The Avon Lake School District will cut its Family & Consumer Science (home economics) program in a continuing effort to shave $1 million off the budget and ensure the district is operating in the black in 2014.
Kim Bennett, who teaches high school Family Consumer Science (FCS) and Susan Carr, who teaches Learwood Middle School FCS, will both lose their jobs. The Avon Lake Board of Education made the decision at its Feb. 27 board meeting to “Rif” (reduction in force) the positions.
Superintendent of Schools Bob Scott said after the last levy failed, the district was forced to make some tough decisions, including eliminating positions.
The cuts are the latest in a string of program cuts, pay freezes and personnel maneuvering to trim the district’s costs.
School union head Leslie Koelsch sent a letter out to union members after the school board voted Feb. 27, explaining how the board arrived at its decision.
“At the time Mr. Scott was projecting in the neighborhood of (eliminating) 40 FTEs (full time employees)," Koelsch said of when the levy failed last November. An FTE is actually a calculation with one FTE equaling $70,000.
Despite program cuts and wage freezes for teachers, the budget was $1.05 million over. Ten teachers in the district retired after the 2012-13 year, and the district opted not to replace them.
“These 10 cut positions (plus the secretaries) bring us very close to balancing our school budget,” Koelsch emailed to union members, noting that the 2 additional cuts almost balance the budget.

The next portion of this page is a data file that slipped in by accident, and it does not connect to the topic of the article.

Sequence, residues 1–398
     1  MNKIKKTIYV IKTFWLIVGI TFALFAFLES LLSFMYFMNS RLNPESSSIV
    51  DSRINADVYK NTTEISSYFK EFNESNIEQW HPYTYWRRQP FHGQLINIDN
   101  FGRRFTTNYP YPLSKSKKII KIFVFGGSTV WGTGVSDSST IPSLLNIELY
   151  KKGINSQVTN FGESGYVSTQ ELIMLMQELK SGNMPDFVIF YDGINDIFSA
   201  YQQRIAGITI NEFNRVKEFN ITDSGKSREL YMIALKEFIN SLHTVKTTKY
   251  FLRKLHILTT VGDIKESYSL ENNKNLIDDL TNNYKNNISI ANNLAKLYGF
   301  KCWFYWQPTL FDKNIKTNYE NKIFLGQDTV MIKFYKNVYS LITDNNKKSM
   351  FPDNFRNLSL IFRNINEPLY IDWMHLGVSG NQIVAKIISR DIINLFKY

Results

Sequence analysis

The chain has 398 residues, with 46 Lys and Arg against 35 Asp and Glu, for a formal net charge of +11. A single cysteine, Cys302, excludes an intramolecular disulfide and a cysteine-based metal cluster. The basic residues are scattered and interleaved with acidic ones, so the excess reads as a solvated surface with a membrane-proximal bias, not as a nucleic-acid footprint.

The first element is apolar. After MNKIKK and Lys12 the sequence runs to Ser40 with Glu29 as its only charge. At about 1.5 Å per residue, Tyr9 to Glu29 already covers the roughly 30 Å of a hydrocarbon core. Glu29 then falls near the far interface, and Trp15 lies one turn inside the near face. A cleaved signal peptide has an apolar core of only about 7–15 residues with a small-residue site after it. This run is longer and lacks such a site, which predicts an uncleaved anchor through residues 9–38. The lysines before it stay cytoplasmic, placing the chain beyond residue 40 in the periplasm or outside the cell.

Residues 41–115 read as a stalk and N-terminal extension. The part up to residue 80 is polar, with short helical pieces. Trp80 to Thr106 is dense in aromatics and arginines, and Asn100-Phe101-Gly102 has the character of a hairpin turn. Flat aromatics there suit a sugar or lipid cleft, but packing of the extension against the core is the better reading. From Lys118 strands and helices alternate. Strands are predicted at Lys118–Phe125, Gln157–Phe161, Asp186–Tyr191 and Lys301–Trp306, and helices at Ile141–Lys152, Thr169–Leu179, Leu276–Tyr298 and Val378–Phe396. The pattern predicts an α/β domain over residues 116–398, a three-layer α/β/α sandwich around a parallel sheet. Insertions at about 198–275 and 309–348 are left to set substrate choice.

Scott said the decision was hard.
“We knew in November we had to meet fiscal year responsibility for 2014. We have to be in the black,” Scott said.
He said the board waited until Feb. 1 for incentives for retirements.
“It lets us take number of teachers we were going to have to let go from 20, down to 10, and then 2," he said. “It could have been worse. The saddest part is both teachers we lost were good teachers.
“Looking at programs, right now Family Consumer Sciences don’t need to continue. (A third) had already retired. It’s not that the classes weren’t valuable. We could potentially get (some classes) through LCC and LCJVS classes.”
“In reality though, any loss is still a loss,” Koelsch wrote. “I would be overjoyed right now if we were able to save these two staff members from their devastating loss. It is truly a sad day for the students and staff..."
One of the those teachers said it would be a loss to the district.
“I think the board made a mistake eliminating our department,” Carr said. “Family and Consumer Sciences teaches real life skills to students and also reinforces and applies core subject areas such as math, science, reading and composition.
“The topics we teach are extremely relevant in today's society: healthy eating and good food choices, smart financial decisions, and maintaining healthy relationships. I know the ALCS is in a tight spot right now where money is concerned, but I am disappointed that they chose to completely eliminate our department as a way to remedy that situation.
She said the other teacher and she had preferred that only one of them be cut than to see the entire department go.
Carr said she hopes voters support the levy in May so no other programs suffer the same fate hers did. Scott said even if the levy passed, the program would not be reinstated soon.